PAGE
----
Learning to Talk

A baby grows up in a house with a dog. Quite early the child learns the word “dog” and can reliably use the word to refer to them when she sees, not only her own, but other neighborhood dogs as well. One day she goes to visit her aunt who doesn’t own a dog, but has a cat. When the child sees the cat, what does she say?

From A Story Told In Parts by Deirdre Forgione

From A Story Told in Parts by Deirdre Forgione, art teacher

“Dog!” Why? Because she has an idea in her mind of what a dog is, perhaps something like “a dog is a furry animal that walks on four legs and has a tail.” This is the paradigm, the previous knowledge, she uses to name the new animal.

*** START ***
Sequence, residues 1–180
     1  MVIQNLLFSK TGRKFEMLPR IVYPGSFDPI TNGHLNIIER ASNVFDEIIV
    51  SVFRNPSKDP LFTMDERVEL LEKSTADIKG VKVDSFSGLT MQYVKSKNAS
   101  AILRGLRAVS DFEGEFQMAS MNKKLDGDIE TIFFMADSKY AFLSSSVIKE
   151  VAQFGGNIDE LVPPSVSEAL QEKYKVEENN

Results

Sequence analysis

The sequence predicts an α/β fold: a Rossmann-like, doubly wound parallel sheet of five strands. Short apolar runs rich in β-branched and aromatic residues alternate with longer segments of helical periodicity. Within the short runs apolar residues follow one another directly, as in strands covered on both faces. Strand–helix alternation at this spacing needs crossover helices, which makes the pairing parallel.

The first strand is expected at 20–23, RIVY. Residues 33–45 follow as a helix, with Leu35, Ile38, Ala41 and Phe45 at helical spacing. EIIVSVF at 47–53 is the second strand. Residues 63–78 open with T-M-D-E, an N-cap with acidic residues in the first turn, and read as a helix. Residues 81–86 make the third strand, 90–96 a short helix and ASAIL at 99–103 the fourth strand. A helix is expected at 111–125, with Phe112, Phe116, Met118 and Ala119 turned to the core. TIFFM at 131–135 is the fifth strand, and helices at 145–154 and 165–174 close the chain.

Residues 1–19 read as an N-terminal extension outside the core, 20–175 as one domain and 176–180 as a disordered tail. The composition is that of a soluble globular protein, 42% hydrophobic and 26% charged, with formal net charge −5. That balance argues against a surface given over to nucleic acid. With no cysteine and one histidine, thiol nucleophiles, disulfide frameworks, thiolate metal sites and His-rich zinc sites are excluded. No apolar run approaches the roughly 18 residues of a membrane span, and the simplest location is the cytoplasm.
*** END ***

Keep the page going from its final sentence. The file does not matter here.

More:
This is also the paradigm that allows the parents and aunt to teach a new word, “cat,” and with practice, the child will be able to distinguish a dog from a cat, goat, squirrel, and other animals. All of this learning happens through connections — links to something the child already understands.

Some concepts we teach are difficult to understand, abstract, or foreign. For students to learn them, we must make connections to something the students already understand.


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